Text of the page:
Going back to school is a big decision, but it can be a viable solution if you want to increase your job opportunities and salary. It’s important to determine if going back to school makes good financial sense. It takes longer to earn back the cost of tuition and lost wages than you might think! Looking at the numbers will help you make a smart financial decision.

Going back to school makes financial sense in several situations:

1. If your degree is nearly complete. Those extra couple of classes can open a lot of doors. There are many positions that require a college degree. If you’re almost there, it makes a lot of sense to finish your degree and reap the rewards.

2. If your employer is willing to pay for it. Many well-established companies offer tuition reimbursement. Ensure that you understand what is and isn’t covered under your company’s plan. Remember that it can be challenging to work and go to school. Can you take paid time off from work to attend classes?

3. If you can find grants and scholarships that support you and pay for school. Apply for as many grants and scholarships as you can. You may qualify for enough of them to allow you to go back to school. Grants and scholarships don’t have to be paid back.

4. If you can work and go to school. For example, many universities have online or weekend classes, so you can get your degree outside of working hours. Taking advantage of this type of degree program allows you to keep a job, and income coming in, while you study.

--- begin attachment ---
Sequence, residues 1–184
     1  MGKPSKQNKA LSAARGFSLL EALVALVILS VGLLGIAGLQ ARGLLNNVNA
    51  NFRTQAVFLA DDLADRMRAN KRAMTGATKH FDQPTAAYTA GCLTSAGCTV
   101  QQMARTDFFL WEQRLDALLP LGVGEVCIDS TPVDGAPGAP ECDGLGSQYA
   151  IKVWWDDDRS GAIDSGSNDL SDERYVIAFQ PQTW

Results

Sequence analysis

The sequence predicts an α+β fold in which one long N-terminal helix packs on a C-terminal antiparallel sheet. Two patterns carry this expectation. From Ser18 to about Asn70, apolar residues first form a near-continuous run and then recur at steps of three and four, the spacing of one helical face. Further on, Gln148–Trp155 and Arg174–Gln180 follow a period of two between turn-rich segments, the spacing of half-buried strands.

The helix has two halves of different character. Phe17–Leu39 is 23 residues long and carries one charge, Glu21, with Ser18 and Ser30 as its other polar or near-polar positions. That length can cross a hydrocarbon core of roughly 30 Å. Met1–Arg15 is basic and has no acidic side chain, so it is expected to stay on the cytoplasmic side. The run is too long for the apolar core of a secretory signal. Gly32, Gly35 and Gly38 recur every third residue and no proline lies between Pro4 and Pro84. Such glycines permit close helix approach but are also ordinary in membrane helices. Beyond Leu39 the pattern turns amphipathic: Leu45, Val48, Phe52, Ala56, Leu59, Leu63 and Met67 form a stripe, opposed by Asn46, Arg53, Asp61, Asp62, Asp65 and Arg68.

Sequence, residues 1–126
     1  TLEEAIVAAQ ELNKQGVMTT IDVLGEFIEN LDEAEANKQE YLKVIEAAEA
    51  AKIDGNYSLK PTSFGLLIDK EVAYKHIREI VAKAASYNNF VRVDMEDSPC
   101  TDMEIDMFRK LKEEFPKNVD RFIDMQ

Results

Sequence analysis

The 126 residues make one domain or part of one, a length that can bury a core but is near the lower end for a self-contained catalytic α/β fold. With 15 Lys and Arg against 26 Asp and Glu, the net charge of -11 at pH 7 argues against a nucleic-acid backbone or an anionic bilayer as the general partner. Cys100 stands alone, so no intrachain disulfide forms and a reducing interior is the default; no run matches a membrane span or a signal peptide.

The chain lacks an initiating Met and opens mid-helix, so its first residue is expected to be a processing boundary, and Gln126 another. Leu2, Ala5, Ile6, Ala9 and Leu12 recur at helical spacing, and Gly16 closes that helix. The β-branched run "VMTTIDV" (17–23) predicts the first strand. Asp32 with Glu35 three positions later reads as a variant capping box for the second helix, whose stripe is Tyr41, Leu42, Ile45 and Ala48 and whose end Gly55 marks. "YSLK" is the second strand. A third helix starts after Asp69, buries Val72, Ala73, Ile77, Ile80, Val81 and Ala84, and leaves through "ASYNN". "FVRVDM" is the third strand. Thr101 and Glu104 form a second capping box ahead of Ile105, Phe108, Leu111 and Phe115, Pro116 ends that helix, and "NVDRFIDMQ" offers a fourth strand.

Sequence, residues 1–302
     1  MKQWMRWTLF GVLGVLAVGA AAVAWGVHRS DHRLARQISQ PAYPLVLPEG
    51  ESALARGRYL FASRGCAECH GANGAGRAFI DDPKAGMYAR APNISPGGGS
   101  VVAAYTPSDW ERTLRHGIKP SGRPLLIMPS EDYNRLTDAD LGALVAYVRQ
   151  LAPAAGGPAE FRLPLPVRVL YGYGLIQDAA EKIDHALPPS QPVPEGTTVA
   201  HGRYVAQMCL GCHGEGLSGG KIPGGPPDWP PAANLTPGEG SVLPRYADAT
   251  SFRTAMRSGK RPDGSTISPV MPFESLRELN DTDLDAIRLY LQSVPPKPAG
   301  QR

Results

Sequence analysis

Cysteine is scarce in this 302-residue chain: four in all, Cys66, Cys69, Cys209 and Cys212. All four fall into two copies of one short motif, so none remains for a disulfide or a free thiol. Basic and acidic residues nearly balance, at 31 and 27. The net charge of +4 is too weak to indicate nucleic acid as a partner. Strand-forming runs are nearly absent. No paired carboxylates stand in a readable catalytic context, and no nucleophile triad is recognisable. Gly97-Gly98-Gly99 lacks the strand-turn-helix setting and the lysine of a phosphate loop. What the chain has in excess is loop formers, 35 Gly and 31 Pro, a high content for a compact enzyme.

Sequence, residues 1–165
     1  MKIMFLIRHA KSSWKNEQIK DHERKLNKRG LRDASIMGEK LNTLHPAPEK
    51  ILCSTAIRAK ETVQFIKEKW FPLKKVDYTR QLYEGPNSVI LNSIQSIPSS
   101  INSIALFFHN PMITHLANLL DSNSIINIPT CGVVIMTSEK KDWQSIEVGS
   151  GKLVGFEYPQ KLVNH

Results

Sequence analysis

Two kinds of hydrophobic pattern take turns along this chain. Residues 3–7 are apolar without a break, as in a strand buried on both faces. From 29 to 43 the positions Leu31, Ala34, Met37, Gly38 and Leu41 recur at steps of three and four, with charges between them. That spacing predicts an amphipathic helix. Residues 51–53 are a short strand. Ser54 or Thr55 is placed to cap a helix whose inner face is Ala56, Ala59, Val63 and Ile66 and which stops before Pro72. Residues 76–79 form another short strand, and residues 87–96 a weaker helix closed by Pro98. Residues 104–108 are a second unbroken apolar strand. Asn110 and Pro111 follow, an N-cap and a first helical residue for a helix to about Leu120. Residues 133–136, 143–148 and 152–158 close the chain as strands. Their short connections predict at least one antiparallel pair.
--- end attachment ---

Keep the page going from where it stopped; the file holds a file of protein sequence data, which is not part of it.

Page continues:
5. If you’re prepared to do the work, your job prospects improve, and you’re able to take full advantage of your degree. Are you prepared to attend classes and study? Can you still work while attending school? Do you have the financial resources to pull off your plan? Do you have enough time to earn back the lost income and the tuition costs?

* Are you able to move after completing school to pursue new career opportunities? Would you want to?

Going back to school can be financially wise if you fit into one of these categories.

However, going back to school doesn’t make financial sense in many situations:

1. You’re happy with your current position and don’t wish to leave. The financial advantages of earning a degree are limited to your ability to increase your salary. If you’re content with your current position, going back to school doesn’t make good financial sense.

2. You’re too close to retirement to realize the financial benefits. The age limit is much lower if you have to quit working to attend school. The lost wages can be insurmountable given the number of working years you have left before retiring. Consider the following math:

* Current salary: $35,000/year at 50 years of age. Likely outcome after completing school: $55,000/year for 13 years.

* If you stop working for four years, you’ll lose $140,000 in salary.

* Suppose your school tuition is $15,000/yr. That’s another $60,000. You’re starting your new career $200,000 in the hole.

* After working for 13 years at $55,000, you’ll have earned $715,000 – $60,000 = $655,000.

* If you stayed at your old position, you’d earn $35,000 for 17 years = $595,000 and barely be behind your school plan. After all that work, you only managed to earn an additional $60,000 over 17 years. That’s roughly $3,500 per year. One small promotion, a good raise, or a side business would cover that.

* Perform the same exercise with your best-guess numbers. How long will it take you to break even? Is it worth it?

Do the math before making a decision to head back to school. On the surface, going back to school seems like a smart financial move. However, you have to work for a long time to make up for the salary lost while you’re in school. If your degree is nearly complete, or someone else is willing to foot the bill, continuing your education can be an excellent choice.